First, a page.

The death last month of former Congressman Fernand St. Germain has gone all but unnoticed. The world’s most widely read business newspaper, The Wall Street Journal, couldn’t spare even a quarter inch of column space to the life of the former House banking chairman who helped usher in the golden age of financial deregulation. And almost none of the major TV and cable networks acknowledged his passing — or, more specifically, his political life that made his death so noteworthy. While it is true that, The New York Times, regarded arguably as the newspaper of record, did do a write up, its headline touting St. Germain’s tie with the “S.&.L. Crisis” buried the true lead of his life and impact. So why should this 14-term New England congressman be remembered?
Of course, what most appear to have missed is the role St. Germain played in the making of the greatest global financial collapse of our time: the subprime crisis. In an era in which the legal and penal systems have held relatively few to account for contributing to this man-made economic disaster, the media has left off the hook St. Germain, who was the legislative godfather of the subprime industry. As House banking chairman in the early 1980s, St. Germain coauthored the Garn-St. Germain bill with Utah Senator Jake Garn. Together, they gave the nation many of the destructive financial instruments closely associated with subprime. These instruments included prepayment penalties, balloon payments, and adjustable rate mortgages. Each of these financial products increased the likelihood of foreclosure. Prior to Garn-St. Germain, products like balloon payments were legal only in a few states like California. After the Garn-St. Germain Act, mortgage lenders could now market and spread these products all across the nation. Thus, the act allowed a potentially isolated issue that could’ve been quarantined to a handful of housing markets and made it a national and, ultimately, a global epidemic.
Various financial special interests took a special interest in the Rhode Islander. For instance, according to a study conducted by the non-partisan Public Citizen’s Watch of 231 members of Congress in 1983, St. Germain received nearly nine times more than the average campaign contribution amount from political action committees. St. Germain would be hounded out of office, losing his reelection bid in 1988. The Rhode Island House Democrat was undone partly by a Reagan administration Justice Department probe. The DoJ claimed to have “substantial evidence of serious and sustained misconduct,” including St. Germain’s ongoing dealings for years with bank industry lobbyists. The probe was dropped after St. Germain lost. Thereafter, St. Germain slowly faded out of the political picture, dying in relative obscurity in the shadows of the greatest mortgage meltdown in US history.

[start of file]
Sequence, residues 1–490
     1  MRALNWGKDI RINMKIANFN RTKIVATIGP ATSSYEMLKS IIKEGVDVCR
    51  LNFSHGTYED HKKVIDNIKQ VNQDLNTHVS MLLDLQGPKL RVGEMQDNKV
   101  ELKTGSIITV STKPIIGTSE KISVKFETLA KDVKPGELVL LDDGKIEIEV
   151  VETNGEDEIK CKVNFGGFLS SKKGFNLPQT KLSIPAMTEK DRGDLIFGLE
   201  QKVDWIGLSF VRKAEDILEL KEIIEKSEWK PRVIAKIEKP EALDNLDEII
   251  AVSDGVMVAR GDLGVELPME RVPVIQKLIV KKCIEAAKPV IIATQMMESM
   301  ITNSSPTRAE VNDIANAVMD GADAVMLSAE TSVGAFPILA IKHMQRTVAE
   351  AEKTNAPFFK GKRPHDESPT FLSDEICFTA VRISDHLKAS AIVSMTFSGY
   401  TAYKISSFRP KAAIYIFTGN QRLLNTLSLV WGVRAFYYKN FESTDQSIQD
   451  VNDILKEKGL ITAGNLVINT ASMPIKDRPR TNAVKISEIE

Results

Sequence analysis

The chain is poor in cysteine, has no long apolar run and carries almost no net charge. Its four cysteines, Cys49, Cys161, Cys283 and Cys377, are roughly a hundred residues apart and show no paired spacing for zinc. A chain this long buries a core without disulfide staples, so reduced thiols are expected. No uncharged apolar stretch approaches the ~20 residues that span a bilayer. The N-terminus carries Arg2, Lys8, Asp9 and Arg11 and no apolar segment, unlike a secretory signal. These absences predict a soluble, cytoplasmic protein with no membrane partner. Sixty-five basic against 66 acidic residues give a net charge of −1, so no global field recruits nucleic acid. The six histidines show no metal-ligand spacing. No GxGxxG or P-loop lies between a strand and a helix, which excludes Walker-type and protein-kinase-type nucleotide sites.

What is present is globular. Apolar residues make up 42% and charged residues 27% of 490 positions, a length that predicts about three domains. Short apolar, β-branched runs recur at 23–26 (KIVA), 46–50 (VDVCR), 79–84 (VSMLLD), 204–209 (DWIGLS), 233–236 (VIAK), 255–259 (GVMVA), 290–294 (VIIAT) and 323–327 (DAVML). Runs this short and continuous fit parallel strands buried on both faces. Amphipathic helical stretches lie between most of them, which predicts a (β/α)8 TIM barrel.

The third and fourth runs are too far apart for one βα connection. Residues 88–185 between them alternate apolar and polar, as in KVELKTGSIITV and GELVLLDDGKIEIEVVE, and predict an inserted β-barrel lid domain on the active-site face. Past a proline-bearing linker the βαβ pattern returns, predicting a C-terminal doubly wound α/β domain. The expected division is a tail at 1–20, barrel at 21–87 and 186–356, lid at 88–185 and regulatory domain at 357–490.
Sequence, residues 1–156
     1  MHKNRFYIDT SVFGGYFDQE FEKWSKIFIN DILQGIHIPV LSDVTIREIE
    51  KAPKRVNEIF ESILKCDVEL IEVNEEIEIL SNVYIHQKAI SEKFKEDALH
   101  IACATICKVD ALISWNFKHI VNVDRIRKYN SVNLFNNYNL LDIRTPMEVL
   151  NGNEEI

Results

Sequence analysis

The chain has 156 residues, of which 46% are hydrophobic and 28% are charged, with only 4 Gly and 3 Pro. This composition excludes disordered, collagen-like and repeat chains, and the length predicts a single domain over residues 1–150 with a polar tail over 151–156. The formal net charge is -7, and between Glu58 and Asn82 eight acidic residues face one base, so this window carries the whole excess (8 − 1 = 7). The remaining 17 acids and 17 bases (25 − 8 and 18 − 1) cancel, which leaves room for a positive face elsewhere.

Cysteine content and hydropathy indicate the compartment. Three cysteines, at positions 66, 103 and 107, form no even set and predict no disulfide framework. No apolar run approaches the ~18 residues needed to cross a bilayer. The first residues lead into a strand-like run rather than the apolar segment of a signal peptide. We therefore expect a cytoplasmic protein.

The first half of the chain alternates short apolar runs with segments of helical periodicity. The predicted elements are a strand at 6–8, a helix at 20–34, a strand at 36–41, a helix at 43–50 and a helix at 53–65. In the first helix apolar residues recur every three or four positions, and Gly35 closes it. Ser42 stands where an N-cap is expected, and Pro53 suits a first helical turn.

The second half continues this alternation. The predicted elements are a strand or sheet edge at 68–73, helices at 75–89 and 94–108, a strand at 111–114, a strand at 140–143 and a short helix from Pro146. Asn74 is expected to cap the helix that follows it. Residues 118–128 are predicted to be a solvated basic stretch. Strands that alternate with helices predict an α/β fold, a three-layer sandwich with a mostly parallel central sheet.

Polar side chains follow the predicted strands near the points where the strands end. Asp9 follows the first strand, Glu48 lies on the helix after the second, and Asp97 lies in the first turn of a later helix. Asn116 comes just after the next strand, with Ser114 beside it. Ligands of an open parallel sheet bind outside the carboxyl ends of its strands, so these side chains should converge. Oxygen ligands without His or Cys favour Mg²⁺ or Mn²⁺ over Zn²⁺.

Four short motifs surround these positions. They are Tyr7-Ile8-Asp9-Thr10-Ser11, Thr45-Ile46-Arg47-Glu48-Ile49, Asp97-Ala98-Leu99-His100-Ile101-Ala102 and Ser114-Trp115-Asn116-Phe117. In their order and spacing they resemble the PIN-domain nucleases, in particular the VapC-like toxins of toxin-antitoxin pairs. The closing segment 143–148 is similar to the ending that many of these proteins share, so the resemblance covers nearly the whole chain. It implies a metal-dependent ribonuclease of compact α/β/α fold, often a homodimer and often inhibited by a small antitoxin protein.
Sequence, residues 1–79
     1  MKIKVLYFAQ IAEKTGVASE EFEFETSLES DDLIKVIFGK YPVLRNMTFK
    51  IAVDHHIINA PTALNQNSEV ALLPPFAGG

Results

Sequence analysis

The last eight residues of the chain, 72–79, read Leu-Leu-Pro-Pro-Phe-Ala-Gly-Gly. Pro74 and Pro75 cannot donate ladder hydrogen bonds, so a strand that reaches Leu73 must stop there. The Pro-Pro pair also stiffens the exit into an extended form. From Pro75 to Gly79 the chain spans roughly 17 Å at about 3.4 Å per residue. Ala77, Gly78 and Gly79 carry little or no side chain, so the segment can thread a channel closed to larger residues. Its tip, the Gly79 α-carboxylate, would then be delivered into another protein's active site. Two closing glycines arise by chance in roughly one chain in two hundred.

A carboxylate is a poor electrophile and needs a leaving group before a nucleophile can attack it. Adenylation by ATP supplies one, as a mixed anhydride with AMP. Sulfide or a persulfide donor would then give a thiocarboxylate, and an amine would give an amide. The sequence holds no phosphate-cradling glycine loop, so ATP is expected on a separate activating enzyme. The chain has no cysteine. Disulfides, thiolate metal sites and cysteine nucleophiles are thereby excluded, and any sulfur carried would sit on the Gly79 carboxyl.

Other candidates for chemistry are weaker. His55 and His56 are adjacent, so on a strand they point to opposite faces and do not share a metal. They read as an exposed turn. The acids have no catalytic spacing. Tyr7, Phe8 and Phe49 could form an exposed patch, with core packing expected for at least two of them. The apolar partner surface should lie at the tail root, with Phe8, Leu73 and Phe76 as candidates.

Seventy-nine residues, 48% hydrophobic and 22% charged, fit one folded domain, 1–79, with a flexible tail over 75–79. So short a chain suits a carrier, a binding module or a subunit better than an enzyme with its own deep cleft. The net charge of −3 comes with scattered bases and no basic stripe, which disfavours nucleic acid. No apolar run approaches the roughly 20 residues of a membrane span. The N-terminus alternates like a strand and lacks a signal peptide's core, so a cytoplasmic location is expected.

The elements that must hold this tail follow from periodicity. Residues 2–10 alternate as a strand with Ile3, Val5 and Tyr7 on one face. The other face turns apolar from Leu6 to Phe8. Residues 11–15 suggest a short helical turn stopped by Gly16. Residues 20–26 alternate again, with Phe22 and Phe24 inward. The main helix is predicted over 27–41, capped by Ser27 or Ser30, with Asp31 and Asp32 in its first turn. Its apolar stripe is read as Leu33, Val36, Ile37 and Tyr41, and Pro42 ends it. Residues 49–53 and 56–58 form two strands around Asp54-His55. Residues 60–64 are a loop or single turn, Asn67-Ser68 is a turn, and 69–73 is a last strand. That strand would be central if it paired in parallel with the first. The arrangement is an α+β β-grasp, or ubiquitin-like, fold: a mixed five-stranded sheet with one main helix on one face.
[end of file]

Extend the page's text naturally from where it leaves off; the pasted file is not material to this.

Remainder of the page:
Yet the impact of what St. Germain wrought continued well beyond his time spent in office. America’s racial minorities felt that legacy most acutely during the recent foreclosure crisis. At the height of the subprime frenzy, African Americans and Latinos were more likely to receive these toxic loan products (52 percent and 41 percent, respectively) than white Americans (33 percent), according to reports by the Urban Institute and Center for Responsible Lending’s analyses of 2006 Home Mortgage Disclosure Act data. And compared to whites, Asian Americans lost so much home equity because of the crisis that their net worth dropped from first to second behind whites. So while St. Germain has shuffled off this mortal coil the damage of the bill bearing his name will live on for decades to come as peoples of color in America can attest.
–Devin Fergus, PhD, Senior Fellow, Demos, Department of African American & African Studies, John Glenn School of Public Affairs
Ohio State University